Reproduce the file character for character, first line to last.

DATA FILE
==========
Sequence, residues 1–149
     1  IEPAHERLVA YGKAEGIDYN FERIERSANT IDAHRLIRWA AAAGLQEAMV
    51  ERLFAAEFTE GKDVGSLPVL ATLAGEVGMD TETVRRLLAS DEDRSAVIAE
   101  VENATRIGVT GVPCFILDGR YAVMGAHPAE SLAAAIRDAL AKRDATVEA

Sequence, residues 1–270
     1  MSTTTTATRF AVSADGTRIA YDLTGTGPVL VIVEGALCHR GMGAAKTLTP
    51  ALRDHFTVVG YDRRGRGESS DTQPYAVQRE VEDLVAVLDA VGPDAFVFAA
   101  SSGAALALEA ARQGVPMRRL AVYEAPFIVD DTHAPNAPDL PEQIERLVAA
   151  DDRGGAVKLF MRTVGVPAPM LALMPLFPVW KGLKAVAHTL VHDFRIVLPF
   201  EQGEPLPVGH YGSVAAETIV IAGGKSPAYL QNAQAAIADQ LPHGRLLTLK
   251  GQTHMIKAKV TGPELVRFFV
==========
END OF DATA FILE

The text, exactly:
Sequence, residues 1–149
     1  IEPAHERLVA YGKAEGIDYN FERIERSANT IDAHRLIRWA AAAGLQEAMV
    51  ERLFAAEFTE GKDVGSLPVL ATLAGEVGMD TETVRRLLAS DEDRSAVIAE
   101  VENATRIGVT GVPCFILDGR YAVMGAHPAE SLAAAIRDAL AKRDATVEA

Sequence, residues 1–270
     1  MSTTTTATRF AVSADGTRIA YDLTGTGPVL VIVEGALCHR GMGAAKTLTP
    51  ALRDHFTVVG YDRRGRGESS DTQPYAVQRE VEDLVAVLDA VGPDAFVFAA
   101  SSGAALALEA ARQGVPMRRL AVYEAPFIVD DTHAPNAPDL PEQIERLVAA
   151  DDRGGAVKLF MRTVGVPAPM LALMPLFPVW KGLKAVAHTL VHDFRIVLPF
   201  EQGEPLPVGH YGSVAAETIV IAGGKSPAYL QNAQAAIADQ LPHGRLLTLK
   251  GQTHMIKAKV TGPELVRFFV